The crushing failure of an anti-Islam campaign may be made out to be a huge success by virtue of the noise it creates. The same logic unites populists in many countries; carefully targeted media campaigns operating on a similar sliding scale are used in coverage of Muslim-majority countries. The deafening silence of most western media towards the Zine Al Abidine Bin Ali or Hosni Mubarak dictatorships quickly gave way to support for democracy with fine-tuned sensitivity to the treatment of women, of homosexuals and religious minorities in the successor regimes.

Precisely the kind of questions that were never asked of the dictators, and which are only whispered when it comes to allies in the Gulf. In fact, purely ideological media coverage and distortion of information stands increasingly exposed.

What I am describing is by no means a ‘global conspiracy’ against Islam and against Muslims, as some fantasise. Of course, centres of ideological interest do exist; but it is equally clear that the media machine and the political reactions it provokes form a vicious circle. Controversy whets public curiosity, which feeds into populist strategy that in turn drives short-term electoral tactics: the media then plays to a guaranteed audience.

In a hi-tech age, with its instantaneous processing of information and global competition, Islam is profitable. No doubt about it: Islam makes money, plenty of money. Caught between ideological manipulation and the logic of capitalism, Islam — and with it the fate of Muslims — finds itself in a negative, not to say oppressive, dynamic.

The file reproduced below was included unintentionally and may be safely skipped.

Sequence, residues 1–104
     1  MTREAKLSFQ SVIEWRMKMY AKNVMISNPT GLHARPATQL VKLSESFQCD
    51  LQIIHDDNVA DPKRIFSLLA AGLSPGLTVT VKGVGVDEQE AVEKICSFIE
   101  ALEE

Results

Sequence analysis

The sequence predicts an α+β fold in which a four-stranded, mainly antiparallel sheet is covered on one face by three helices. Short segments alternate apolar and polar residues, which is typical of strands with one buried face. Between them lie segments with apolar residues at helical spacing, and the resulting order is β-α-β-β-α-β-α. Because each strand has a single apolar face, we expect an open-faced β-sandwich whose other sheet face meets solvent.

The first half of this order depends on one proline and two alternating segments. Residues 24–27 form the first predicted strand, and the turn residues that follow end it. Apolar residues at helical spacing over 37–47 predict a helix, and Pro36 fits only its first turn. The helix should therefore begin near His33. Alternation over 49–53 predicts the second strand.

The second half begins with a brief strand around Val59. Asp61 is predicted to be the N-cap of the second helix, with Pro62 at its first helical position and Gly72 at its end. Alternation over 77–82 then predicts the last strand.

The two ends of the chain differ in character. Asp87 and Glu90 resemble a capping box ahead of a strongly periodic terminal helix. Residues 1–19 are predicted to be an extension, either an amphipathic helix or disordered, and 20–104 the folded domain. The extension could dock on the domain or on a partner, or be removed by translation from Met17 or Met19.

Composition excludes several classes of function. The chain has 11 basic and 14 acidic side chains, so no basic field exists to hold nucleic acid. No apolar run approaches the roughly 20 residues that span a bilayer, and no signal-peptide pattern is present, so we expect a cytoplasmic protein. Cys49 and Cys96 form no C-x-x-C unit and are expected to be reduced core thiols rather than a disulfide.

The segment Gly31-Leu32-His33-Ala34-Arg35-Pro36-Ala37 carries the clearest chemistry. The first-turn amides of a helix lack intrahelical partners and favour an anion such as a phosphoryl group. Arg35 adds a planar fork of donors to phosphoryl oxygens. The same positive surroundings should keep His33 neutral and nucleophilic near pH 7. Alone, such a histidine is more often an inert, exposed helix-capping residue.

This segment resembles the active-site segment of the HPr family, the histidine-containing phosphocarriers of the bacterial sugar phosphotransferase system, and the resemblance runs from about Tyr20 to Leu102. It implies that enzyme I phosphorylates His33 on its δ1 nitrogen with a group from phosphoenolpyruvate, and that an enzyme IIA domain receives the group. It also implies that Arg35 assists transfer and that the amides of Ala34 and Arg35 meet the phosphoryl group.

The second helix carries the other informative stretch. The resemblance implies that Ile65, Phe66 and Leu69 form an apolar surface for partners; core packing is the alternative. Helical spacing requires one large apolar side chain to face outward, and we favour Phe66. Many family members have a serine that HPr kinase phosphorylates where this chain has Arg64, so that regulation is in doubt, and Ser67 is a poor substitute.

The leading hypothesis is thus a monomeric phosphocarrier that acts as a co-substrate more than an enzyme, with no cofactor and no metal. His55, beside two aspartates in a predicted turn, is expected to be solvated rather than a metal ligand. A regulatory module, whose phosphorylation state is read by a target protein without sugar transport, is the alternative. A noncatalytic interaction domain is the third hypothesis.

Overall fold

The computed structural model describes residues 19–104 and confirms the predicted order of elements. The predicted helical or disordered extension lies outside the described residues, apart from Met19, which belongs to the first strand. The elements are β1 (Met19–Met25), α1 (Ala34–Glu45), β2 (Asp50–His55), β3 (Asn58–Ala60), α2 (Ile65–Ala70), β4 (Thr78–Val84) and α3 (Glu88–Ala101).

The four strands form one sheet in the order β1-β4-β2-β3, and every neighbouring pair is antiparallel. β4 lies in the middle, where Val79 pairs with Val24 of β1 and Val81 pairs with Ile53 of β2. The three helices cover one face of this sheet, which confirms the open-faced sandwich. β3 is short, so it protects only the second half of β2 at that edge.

How are we to extricate ourselves? How, first and foremost, can we escape from the mentality of the eternal victim that overcomes us when the worldwide media and political tsunami, transforming Islam into a global threat, sweeps away all in its path. Paradoxically, in its extreme negativity, our predicament also contains many of the elements needed to overcome it and move beyond it. When people ask questions about Islam and Muslims — often in perfect ignorance — the latter are presented with an excellent opportunity to explain, to educate and to engage in dialogue.

If their worldwide visibility is seen as a problem because of their dress codes, their names, their colours (or because of regional conflicts), the solution is not to become less visible. The modern era has summoned Muslims to a global jihad of knowledge, of education, of dialogue, of communication and of resistance. A jihad of serenity, peaceful, non-violent; of bearing witness. Our point of departure is self-knowledge, and self-criticism that avoids the extremes of interpretational deception and self-flagellation.

A Muslim conscience must emerge, one that can clearly state what Islam is and what it is not (in full respect of diversity and pluralism), and to denounce hypocrisy, both our own and that of self-serving or populist ideologies. An open conscience can respond to the legitimate questions of a majority that seek to understand, as well as a courageous conscience that can stand up to the racism of a minority that deceives, lies and manipulates.

Our commitment must be individual, local, national and worldwide. The dynamics that today have made Islam a problem have also transformed it into a question: it is the responsibility of Muslim women and Muslim men to step forward with confident answers.

 

Tariq Ramadan is professor of Contemporary Islamic Studies in the Faculty of Oriental Studies at Oxford University and a visiting professor at the Faculty of Islamic Studies in Qatar. He is the author of Islam and the Arab Awakening.